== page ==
Dogs Who Serve and Protect…the Sheep!
photos by Tamra Monahan
A n n i e , a n A n a t o l i a n S h e p h e r d , l i v e s w i t h h e r h e r d o f g o a t s a s t h e i r p r o t e c t o r.
The advantage of having a dog that does not interact with humans, including the rancher, is that they won’t be tempted to leave the sheep and seek food from people they encounter, such as utility and oil rig workers. The disadvantage is the inability to help the dogs if they’re in trouble. Eric says that his feral guard dogs are on their own in terms of care, which makes him uneasy. If they get sick and need his attention, he usually can’t get close enough to give it.
small parcel of land near Fort Collins, Colorado. When they lived in Fort Collins, predators were not much of a threat, and James and Lora felt that they could protect their goats. When they moved to the country, however, their powers of protection were no match against coyotes who hovered dangerously close to their goats in the pasture.
“There’s a fine line for these dogs between ignoring people and being comfortable with them because sometimes I need to get close to help them with things like porcupine quills or broken legs or if they’ve been in a fight,” he says. “I want the dogs to be independent, but comfortable with me. I want them to come and greet me, then go back to the sheep.”
Night after night, they heard their goats bleat in fear as coyotes yipped and howled around the fence, and the couple realized they needed help fending off predators that were intent on killing their livelihood. They searched for a trained livestock guard dog and found Annie, a huge 130-pound Anatolian Shepherd with gigantic paws, a powerful bite, and a heart of gold. When Annie reported for duty, the coyotes stayed away and the goats calmed down.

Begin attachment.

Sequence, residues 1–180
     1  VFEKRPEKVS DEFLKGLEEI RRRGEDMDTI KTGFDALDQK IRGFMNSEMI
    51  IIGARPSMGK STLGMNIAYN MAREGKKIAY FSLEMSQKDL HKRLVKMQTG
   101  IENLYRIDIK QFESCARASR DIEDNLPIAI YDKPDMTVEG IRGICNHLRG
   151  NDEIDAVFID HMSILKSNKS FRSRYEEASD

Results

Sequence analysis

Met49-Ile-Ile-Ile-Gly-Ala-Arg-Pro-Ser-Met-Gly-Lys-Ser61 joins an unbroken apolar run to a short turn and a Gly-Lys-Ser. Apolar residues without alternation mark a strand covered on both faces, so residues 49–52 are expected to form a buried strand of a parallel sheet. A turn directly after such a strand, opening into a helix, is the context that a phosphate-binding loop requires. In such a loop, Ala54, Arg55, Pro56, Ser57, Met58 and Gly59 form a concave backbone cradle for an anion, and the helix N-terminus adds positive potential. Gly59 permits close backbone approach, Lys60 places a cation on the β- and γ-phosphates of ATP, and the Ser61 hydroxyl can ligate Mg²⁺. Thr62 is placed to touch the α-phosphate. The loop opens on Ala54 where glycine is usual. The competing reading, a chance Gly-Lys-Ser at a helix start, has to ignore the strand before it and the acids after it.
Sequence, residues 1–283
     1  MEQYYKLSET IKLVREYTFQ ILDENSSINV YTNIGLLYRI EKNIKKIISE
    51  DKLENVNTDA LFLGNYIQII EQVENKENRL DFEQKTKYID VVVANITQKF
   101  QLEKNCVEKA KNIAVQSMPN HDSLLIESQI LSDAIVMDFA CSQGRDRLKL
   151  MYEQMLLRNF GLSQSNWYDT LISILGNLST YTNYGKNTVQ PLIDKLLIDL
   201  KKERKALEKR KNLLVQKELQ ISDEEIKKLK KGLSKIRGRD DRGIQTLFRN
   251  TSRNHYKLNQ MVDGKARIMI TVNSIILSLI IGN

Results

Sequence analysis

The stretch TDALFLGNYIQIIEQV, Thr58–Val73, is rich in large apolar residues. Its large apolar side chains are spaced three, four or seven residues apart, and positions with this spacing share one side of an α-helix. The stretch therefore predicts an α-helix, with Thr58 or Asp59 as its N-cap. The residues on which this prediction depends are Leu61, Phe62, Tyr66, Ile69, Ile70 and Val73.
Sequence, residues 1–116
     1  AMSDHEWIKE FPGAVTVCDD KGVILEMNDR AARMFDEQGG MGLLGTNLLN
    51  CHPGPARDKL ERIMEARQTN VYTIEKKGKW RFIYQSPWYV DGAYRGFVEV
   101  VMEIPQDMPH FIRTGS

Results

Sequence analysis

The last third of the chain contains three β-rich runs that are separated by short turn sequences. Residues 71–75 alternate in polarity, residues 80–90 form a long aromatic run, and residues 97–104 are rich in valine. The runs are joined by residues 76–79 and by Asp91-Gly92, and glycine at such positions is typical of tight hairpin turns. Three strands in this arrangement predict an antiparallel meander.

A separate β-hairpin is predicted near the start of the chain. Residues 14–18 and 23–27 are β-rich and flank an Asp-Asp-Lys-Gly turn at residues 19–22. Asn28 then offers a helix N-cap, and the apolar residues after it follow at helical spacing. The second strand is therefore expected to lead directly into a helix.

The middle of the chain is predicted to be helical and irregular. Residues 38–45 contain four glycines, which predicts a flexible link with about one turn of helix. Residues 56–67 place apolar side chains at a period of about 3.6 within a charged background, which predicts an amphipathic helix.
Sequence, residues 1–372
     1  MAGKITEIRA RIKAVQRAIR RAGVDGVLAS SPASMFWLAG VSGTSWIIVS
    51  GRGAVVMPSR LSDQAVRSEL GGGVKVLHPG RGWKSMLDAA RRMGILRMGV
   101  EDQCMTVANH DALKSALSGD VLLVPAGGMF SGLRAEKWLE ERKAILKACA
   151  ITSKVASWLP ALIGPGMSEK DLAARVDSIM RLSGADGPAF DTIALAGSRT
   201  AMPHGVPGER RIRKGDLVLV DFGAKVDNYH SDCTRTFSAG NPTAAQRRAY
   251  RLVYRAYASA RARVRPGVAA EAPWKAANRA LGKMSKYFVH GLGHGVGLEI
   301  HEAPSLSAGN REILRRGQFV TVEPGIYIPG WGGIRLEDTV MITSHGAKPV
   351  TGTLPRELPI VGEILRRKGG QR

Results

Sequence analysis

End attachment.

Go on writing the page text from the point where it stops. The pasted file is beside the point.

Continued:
James Haught and Lora Wittenberg encountered a different set of problems raising award-winning dairy goats on a
“Before we got Annie, the coyotes were coming up to the fence every night. The first night she was on the job, she
started howling like a wolf, and they immediately stopped,” Lora says. “Most of her protection comes through intimidation. If necessary, she will attack the coyotes, but so far they haven’t tried to get in the pen. They’re smart and they stay away because they know she’s here.” From the first day, Annie loved the goats, but they weren’t too sure about having a large dog in their midst. Goats naturally see dogs as predators, yet Annie quickly made friends with them by getting down in a submissive posture, crawling on her belly toward the goats, and gently licking them. Now, Annie stays with the herd all the time. In fact, she gets nervous and cries when she’s not with her goat buddies. Lora says although Annie likes playing with their other dog, she’s happier with the goats. For Annie, life is hanging with her herd and, making sure they’re happy.
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A Trip to the Veterinarian— photo courtesy of wheat ridge animal hospital
It Can Be a Good Thing! By Kathe r i n e T u c k e r- M o h l , V M D Sen i or A s s oc iat e Eme rg e n c y V e t e rina ria n Whe at R i d ge Anim al H o s pita l
Today starts out so well. A brisk walk around the block, and a long late morning nap on the couch. Then comes the question: “Want to go for a car ride?” My response: an emphatic “Yes!” (punctuated by a vigorous tail wag with a whole body wiggle). But instead of a trip to the lake for a swim or to the store to pick out a new toy, we arrive at the veterinary clinic. All of the sudden my tail becomes glued between my legs, and I start trembling in fear. Echoing around me are the cries of other dogs, and I fear that the worst is coming—what if I never leave this place? When the veterinarian arrives in the exam room, my normal exuberant kisses are replaced by a snarl, and I am issued that embarrassing and uncomfortable muzzle. After what seems like an eternity, filled with poking and prodding, I am released from this prison, and I hastily drag my owner back to the car before she changes her mind. Do you know a pet like this? For many dog and cat owners, a trip to the veterinarian can be a source of significant stress and anxiety. In some cases, owners may forego bringing their pets in for annual wellness exams because the experience can feel so traumatizing. Here are some tips that can help make veterinary visits a little easier for you and your pet.
the lips to examine the teeth and gums. Reward your pet’s good behavior at home.
2 Help your pet adjust to car rides by
4 Make trips to the veterinary clinic
5 Remember that your pet will detect
6 For cats, habituation to a carrier can